Share it! Science : Man's Best Friend May be the Key to Understanding Blindness

Man's Best Friend May be the Key to Understanding Blindness

     The anatomical structure of the human eye is very similar to that of a dog's eye. Therefore, learning about issues in the eyes of dogs might shed light on understanding similar problems in human eyes. In an international effort that spanned the course of a decade, scientists from Sweden, Finland and the United States teamed up to understand a type of retinal disease found in Swedish vallhund dogs. 
Swedish vallhund (photo: TS Eriksson via Wikimedia Commons)

     The Swedish vallhund is a fairly rare breed that almost became extinct in the 1940's. These pups have been used for hundreds of years as a herding dog. Despite the dog's short, Corgi-like legs, and diminutive appearance, they are active and effective work dogs.
     Scientists recently identified the underlying issue causing progressive retinal atrophy (PRA), ultimately blindness, in these dogs. The blindness is caused to a gene defect on the MERTK gene. This gene defect is associated with one of the most common forms of human blindness throughout the world, a type of human retinitis pigmentosa (RP). This type of human RP is currently incurable, so learning more about the gene defect in eyes that are similar to our own, like those in these dogs, could serve very useful in developing potential human treatments.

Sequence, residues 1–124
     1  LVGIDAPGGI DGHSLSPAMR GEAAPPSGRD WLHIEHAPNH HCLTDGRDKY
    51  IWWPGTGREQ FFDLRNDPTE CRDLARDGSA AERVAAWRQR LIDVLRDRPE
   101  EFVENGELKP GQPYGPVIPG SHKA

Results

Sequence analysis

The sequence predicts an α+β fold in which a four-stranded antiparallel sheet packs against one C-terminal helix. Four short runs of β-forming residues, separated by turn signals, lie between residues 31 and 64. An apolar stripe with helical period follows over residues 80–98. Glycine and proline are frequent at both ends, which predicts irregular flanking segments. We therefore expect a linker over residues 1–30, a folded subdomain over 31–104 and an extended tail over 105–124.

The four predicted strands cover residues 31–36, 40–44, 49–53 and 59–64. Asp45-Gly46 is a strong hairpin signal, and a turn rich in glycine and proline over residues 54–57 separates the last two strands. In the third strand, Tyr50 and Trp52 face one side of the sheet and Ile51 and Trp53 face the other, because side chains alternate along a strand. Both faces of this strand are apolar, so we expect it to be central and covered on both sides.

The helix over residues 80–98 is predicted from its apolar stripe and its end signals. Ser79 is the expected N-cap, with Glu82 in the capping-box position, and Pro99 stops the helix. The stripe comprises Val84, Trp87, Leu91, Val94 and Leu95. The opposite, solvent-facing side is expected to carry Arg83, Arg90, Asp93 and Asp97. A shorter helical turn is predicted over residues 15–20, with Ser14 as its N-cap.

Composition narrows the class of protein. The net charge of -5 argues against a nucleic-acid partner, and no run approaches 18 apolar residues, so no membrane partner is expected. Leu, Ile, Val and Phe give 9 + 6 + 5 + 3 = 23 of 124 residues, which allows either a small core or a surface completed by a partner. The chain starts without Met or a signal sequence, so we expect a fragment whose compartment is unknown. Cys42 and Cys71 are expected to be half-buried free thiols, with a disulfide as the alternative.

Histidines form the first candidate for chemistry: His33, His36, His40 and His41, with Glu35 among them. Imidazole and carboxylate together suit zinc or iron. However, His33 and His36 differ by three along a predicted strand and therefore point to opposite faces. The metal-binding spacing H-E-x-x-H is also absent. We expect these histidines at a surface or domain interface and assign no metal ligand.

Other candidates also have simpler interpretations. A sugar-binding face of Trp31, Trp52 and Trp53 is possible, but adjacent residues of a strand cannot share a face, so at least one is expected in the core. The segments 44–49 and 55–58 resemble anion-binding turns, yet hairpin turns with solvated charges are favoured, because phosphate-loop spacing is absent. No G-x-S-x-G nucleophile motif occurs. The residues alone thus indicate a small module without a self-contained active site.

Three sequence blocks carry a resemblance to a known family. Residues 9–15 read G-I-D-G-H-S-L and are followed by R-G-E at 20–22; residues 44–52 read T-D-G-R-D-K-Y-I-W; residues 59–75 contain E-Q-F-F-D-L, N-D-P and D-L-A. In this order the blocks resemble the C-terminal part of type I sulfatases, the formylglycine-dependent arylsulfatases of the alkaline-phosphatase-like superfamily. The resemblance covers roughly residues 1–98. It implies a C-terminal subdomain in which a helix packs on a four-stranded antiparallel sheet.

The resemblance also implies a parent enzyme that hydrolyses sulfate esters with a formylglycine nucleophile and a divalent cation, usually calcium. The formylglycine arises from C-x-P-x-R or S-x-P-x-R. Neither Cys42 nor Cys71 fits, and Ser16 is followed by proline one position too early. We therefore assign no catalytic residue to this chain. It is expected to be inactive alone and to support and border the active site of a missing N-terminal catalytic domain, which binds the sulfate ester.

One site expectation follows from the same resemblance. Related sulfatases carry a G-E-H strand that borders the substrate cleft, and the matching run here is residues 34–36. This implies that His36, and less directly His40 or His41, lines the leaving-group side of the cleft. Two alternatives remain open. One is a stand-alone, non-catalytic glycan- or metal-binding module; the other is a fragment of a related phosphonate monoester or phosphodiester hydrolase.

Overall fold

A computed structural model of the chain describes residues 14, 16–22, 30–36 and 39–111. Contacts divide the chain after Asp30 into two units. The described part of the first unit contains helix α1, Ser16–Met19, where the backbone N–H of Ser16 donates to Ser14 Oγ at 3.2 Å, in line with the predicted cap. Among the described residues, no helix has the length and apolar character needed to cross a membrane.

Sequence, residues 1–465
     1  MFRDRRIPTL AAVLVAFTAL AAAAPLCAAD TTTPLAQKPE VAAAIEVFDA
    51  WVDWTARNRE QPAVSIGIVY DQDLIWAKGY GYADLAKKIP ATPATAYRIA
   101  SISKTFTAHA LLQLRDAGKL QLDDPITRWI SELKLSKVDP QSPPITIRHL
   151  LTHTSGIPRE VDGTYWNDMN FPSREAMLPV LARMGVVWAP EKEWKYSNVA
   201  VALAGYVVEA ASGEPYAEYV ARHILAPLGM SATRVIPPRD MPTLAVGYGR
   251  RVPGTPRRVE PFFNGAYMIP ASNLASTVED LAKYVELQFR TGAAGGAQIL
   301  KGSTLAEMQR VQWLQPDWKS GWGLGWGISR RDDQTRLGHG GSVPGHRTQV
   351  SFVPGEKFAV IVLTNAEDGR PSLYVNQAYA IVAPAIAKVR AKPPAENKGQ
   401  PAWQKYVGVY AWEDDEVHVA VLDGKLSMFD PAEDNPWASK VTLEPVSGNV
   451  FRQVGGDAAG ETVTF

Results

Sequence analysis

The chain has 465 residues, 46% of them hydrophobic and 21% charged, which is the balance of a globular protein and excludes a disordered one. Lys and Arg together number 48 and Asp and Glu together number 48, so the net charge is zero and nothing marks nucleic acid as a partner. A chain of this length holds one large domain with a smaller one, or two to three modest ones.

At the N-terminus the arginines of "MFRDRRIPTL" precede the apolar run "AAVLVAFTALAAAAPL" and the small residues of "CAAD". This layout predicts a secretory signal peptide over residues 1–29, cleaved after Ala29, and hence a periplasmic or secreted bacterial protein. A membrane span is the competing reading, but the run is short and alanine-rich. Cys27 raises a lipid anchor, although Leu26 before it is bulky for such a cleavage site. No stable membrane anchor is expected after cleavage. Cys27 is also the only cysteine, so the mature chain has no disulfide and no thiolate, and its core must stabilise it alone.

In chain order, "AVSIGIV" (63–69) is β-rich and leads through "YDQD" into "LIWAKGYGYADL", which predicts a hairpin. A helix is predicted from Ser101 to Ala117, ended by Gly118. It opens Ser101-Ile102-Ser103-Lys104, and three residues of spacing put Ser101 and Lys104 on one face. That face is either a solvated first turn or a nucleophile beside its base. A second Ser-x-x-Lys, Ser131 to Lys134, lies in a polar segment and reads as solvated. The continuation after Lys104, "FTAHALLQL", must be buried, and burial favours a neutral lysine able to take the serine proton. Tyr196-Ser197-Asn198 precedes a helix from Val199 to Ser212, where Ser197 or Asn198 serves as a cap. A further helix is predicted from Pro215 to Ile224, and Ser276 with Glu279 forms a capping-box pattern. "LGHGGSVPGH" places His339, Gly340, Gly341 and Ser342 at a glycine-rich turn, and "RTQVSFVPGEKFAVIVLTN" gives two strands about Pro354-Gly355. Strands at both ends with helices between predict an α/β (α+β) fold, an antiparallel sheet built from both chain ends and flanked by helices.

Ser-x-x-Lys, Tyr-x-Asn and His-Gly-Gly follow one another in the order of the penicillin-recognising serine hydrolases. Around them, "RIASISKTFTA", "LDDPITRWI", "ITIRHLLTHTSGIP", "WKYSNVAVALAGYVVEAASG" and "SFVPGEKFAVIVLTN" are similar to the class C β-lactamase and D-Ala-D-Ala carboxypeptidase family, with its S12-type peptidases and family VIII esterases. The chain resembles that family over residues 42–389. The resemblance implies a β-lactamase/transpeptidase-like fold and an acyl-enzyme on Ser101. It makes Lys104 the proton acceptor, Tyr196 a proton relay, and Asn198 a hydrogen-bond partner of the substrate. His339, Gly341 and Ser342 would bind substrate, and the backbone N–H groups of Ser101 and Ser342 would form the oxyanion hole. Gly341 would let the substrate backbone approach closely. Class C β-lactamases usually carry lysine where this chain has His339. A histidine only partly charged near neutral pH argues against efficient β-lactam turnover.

This research began when scientists from the University of Helsinki discovered some abnormalities in the eyes of Swedish vallhunds in the 1990s. In 2004, the same problems were brought to the attention of a researcher at the University of Michigan and an international collaboration of scientists began shortly after. With a strong team of researchers, this group has been able to not only identify a new disease and the genetics behind it, but has also investigated glaucoma in the Norwegian Elkhound. They were able to develop genetic testing related to glaucoma to help breeders prevent it. Plans for future studies include learning about possibilities of a MTERK inhibitor that could serve as a therapy for this type of blindness in the Swedish vallhund. Although it will take time, these studies could give way to important information on how to prevent blindness caused by human RP.
     Several studies have been completed on dogs that may have direct impact on understanding the health of humans. In 2010, work with Staffordshire terriers linked genes for a rare and fatal neurodegenerative disease in humans and the dogs. In 2011, researchers found that genetic mutations in Tibetan terriers was also found in a fatal human disorder related to Parkinson's disease. In 2013, studies of the Dandie Dinmont terrier began to pave the way to understanding the gene behind a certain type of glaucoma associated with human glaucoma. These are just a few examples of how learning about one of our favorite types of animals could mean dogs truly are man's best friend!

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